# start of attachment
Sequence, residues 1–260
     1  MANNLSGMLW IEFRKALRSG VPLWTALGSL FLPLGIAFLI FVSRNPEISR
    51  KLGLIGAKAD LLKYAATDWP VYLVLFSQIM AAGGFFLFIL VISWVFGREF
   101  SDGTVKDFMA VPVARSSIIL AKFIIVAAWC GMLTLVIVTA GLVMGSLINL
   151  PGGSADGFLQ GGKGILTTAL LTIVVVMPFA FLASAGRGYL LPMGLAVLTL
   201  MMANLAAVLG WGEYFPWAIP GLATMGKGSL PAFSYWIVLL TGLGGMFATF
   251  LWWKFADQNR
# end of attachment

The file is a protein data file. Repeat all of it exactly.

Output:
Sequence, residues 1–260
     1  MANNLSGMLW IEFRKALRSG VPLWTALGSL FLPLGIAFLI FVSRNPEISR
    51  KLGLIGAKAD LLKYAATDWP VYLVLFSQIM AAGGFFLFIL VISWVFGREF
   101  SDGTVKDFMA VPVARSSIIL AKFIIVAAWC GMLTLVIVTA GLVMGSLINL
   151  PGGSADGFLQ GGKGILTTAL LTIVVVMPFA FLASAGRGYL LPMGLAVLTL
   201  MMANLAAVLG WGEYFPWAIP GLATMGKGSL PAFSYWIVLL TGLGGMFATF
   251  LWWKFADQNR